The typical “Luxury” brand – based on the chart above – is about half as successful driving “in store” sales of their expensive merchandise as an inexpensive and “Aspirational” brand is (entirely side stepping the issue that a more expensive item of merchandise is a “considered purchase” and the decision to buy it might take a bit longer to make, since most of us don’t have an overflow of money dropping out of pockets).
So I’ll peel a couple of layers of the onion and talk about “why” – “why are luxury fashion brands more comfortable out sourcing their technology fulfillment to third parties? I think one answer is contained in an article Lauren cites.
“It’s no surprise that among those that have been slowest to the multichannel game are the iconic luxury brands that (for the most part) were also last to e-commerce, last to mobile apps, and still lagging in social media fluency. Given luxury’s general lack of e-commerce and m-commerce sophistication (no cart continuity, limited stock availability, quick shipping/returns, etc.), it is a safe bet that the highest end of high-end brands sell even less than 10.6 percent of their sales online“.
Let’s say this more simply as I did on my Facebook page post (which I’ll soon be able to embed, so I hear) …
“We know FASHION and social media go well together - but FASHION Folks aren’t particularly interested in technology - lets go so far as to say their interest in technology is “Skin Deep” and full frontal.”
And while we can certainly debate the necessity or not of having an active interest and curiosity about technology and analytics – when it pertains to “Art” and “Fashion” – we also have to admit “the medium is the message” according to McLuhan.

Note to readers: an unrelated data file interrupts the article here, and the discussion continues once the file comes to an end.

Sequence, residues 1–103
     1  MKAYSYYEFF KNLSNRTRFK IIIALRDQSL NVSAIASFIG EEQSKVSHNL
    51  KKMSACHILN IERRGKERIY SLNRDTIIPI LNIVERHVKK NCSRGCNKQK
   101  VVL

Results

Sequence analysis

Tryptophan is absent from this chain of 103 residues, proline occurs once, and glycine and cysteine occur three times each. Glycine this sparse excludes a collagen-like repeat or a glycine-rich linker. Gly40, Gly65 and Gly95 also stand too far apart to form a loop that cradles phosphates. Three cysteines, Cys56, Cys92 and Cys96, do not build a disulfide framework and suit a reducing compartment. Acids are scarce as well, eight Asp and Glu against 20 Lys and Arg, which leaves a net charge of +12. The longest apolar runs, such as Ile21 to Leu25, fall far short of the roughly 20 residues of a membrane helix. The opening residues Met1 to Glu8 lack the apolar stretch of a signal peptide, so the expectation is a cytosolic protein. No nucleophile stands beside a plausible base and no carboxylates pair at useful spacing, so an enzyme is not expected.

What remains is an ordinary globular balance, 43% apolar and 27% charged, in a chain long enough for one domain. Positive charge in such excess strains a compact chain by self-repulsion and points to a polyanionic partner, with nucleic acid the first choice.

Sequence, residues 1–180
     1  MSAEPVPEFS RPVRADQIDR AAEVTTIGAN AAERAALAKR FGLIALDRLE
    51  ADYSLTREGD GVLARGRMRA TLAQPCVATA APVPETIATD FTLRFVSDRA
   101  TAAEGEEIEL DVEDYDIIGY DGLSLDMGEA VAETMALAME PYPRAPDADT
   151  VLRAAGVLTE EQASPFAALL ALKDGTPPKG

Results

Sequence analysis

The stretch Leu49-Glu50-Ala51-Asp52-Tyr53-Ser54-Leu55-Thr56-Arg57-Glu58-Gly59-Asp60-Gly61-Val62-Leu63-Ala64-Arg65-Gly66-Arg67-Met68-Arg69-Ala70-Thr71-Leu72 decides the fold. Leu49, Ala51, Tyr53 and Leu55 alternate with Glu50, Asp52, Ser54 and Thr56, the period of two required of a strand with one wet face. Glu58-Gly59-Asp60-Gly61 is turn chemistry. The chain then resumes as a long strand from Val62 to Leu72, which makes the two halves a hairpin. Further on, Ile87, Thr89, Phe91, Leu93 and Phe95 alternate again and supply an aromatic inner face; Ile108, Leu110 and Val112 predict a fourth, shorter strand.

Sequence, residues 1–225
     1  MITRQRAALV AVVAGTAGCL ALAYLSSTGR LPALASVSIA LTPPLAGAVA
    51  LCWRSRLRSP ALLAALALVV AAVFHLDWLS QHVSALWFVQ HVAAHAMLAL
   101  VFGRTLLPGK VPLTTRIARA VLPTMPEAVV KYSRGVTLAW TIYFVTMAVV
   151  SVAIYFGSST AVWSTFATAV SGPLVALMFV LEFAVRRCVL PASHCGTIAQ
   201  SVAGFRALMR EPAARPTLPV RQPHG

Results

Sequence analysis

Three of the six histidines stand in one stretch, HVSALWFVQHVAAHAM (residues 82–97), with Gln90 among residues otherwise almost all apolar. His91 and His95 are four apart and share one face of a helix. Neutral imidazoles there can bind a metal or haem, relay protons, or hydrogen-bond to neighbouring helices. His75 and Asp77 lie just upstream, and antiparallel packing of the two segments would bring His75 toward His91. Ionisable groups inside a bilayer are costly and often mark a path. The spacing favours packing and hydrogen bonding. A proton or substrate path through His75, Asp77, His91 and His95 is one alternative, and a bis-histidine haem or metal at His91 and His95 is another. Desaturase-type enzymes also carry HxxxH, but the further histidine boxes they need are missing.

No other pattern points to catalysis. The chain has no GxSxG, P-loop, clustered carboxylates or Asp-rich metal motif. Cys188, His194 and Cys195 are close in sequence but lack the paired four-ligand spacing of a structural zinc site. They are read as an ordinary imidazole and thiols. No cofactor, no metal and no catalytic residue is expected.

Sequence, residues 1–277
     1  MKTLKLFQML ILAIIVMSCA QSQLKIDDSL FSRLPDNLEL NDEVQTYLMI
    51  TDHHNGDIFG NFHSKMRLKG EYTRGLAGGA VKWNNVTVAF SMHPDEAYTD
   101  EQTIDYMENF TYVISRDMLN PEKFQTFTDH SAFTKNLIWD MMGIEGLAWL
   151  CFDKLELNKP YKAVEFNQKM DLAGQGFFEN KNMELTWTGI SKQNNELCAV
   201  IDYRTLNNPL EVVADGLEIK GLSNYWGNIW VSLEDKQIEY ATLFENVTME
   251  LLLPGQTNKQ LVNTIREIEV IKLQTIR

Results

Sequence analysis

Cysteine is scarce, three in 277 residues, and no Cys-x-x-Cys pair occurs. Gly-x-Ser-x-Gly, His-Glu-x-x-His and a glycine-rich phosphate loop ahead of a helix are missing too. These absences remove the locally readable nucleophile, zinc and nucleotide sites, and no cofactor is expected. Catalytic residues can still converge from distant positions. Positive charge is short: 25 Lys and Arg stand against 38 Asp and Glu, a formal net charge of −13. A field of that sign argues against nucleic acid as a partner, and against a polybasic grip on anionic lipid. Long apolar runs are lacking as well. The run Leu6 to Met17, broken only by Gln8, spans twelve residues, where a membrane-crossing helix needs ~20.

To use online media effectively, including technology implementations that drive profit you should be very interested in those things (and having it done well or not) – along with the Art and Fashion.
But that’s not the picture that Facebook’s own Graph Search paints of your typical Fashion person (stakeholder or customer) - they’re not interested in technology or analytics – but rather “entertainment” and “lifestyle – cultural“.
Source: WebMetricsGuru Social Intelligence – examining Fashion interest located in the NYC area.
I did another that wasn’t geo-located.
What’s important to note in the diagram I shared above is the general dis-interest of people who are Fashion enthusiasts (including people who work at the brands – the stakeholders) in technology (upper left quadrant) – it’s a struggle to find anything in technology – even Twitter and Apple come in late, way down in the Facebook Graph search results.
Is it that Fashion Brands don’t want to be bothered with technology?